Published On: Sat, Apr 9th, 2016

Nigerian Politics And Igbo Culture – By Azees Ishola


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Igbo people represent eighteen percent of the population of Nigeria, making them a sizable minority that is going to have more influence than most people as a result of sheer numbers. There are thirty-two million Igbo people in Nigeria alone, and this is still not taking into account the number of Igbos who have relocated all around the world in pursuit of a different life or more economic opportunities.

The Igbo people have primarily worked as farmers even in the days before the disruptions of British colonialism and all of the cultural changes that occurred throughout the twentieth century. Farming is partly a matter of tradition for the Igbo people, along with their crafts, their Christian-influenced religious beliefs, and other important facets of their culture. However, for many Igbo people, farming is just a matter of necessity and economics. Competitions over vanishing farmland have been common in Nigerian politics, and the politics of Africa in general throughout the twentieth and twenty-first century for reasons that are environmental as well as political.

There is a great deal of conflict in Nigeria at present over the loss of farmland and conflicts between other groups in Nigeria and the Fulani herdsmen. Many Igbo villagers are outraged that the president of Nigeria is not intervening on their behalf, since many of them are farmers whose very lives depend upon their agricultural output. There is now a scandal over the fact that many of the Nigerian Igbo people who have fought back over the loss of their farmland are now being detained themselves.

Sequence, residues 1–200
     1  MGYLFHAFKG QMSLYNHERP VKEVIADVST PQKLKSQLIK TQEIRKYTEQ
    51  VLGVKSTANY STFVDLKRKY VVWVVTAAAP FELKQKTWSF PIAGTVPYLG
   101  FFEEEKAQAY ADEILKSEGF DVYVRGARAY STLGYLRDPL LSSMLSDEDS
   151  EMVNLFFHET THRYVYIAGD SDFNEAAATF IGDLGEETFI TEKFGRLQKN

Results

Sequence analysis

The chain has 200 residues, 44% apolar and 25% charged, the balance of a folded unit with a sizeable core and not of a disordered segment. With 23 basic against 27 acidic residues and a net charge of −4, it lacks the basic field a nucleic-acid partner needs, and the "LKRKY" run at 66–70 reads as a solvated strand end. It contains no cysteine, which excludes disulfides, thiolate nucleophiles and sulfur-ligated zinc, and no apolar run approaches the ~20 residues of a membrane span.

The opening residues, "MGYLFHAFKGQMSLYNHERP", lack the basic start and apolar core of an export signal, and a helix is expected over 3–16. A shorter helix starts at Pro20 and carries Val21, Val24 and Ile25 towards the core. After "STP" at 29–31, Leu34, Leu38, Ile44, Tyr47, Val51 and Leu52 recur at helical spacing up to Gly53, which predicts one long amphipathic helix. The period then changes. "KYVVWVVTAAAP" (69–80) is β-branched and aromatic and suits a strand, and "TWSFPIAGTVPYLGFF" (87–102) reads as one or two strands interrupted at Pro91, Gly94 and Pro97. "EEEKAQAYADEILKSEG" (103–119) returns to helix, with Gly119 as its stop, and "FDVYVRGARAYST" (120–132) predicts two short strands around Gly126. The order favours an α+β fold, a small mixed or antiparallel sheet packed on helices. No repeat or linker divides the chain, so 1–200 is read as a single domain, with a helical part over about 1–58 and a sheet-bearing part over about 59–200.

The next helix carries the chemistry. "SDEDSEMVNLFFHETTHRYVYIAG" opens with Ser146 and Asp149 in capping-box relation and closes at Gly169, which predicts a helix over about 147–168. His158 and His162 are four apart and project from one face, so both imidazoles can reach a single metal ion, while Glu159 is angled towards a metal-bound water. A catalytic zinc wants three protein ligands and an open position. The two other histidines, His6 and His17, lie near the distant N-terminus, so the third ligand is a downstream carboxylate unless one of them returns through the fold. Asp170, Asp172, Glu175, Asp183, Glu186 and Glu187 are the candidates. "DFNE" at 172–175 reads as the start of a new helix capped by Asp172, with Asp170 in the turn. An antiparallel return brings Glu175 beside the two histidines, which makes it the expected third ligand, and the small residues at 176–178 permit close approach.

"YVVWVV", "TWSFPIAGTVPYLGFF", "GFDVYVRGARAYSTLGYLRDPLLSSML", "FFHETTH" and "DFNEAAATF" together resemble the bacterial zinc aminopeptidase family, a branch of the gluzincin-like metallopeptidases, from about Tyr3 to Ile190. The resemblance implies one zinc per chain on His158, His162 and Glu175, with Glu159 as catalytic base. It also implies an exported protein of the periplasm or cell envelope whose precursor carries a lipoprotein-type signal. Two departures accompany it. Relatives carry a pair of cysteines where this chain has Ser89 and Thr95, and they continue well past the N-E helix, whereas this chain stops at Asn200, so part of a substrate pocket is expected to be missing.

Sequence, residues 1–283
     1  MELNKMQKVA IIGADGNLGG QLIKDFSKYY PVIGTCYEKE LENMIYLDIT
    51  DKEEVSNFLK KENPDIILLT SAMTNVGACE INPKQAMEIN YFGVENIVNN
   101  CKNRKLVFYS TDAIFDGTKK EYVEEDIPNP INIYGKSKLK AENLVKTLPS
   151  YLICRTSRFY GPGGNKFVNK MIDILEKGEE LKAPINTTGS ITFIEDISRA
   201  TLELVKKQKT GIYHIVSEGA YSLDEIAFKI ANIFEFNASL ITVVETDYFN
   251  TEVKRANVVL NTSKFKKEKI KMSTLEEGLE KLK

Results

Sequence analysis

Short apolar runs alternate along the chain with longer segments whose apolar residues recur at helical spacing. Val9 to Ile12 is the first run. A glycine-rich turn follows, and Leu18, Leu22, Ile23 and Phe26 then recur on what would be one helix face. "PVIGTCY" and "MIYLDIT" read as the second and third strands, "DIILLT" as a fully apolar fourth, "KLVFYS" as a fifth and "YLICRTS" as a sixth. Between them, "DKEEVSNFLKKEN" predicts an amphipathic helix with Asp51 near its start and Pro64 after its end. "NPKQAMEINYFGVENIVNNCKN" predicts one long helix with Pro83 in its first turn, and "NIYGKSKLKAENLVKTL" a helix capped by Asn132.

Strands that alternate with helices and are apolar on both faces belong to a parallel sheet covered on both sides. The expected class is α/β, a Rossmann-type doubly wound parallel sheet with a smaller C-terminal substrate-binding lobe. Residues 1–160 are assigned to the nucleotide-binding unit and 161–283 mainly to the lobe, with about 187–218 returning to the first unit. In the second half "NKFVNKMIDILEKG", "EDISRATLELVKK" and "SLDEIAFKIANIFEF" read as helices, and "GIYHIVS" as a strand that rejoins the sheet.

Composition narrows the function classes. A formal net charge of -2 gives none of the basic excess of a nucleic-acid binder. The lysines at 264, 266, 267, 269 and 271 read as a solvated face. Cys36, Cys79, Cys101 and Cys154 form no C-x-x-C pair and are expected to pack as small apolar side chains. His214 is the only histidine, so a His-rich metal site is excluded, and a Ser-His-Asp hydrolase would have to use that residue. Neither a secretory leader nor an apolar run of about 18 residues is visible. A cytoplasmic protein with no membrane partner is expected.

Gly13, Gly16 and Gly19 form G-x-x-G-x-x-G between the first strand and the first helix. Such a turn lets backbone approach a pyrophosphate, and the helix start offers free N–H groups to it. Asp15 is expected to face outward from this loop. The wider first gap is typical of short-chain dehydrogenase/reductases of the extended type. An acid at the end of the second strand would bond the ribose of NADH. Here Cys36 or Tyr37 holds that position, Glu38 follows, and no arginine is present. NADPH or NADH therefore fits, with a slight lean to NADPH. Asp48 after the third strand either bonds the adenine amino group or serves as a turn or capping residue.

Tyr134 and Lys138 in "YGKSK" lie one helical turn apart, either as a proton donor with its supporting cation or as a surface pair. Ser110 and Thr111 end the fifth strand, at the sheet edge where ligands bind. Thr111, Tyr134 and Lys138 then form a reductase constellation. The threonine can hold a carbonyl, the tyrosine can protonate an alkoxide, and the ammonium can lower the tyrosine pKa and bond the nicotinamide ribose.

This is clearly not going to be any kind of long-term solution to the problem. There are now calls for the seventy-six farmers to be released, as well as calls for a more long-term political solution to the problem. Some Nigerian people are not interested in a long-term solution, which is one of the reasons why so many Igbo people are fleeing the nation for the West. It is possible that this situation might give Nigerian political officials more of an impetus to act, given what this is going to mean for the productive workforce. However, the situation involving the Igbo people and vanishing farmland is by no means an isolated incident or a problem that is going to easily resolve itself.

About Author

Azees Ishola is a freelance writer, a blogger and I work with igbolive.com. Igbolive objective is reporting of Igbo news in its truthful and unbiased form to diasporean-igbos, Nigerians, Africa and around the world.

About the Author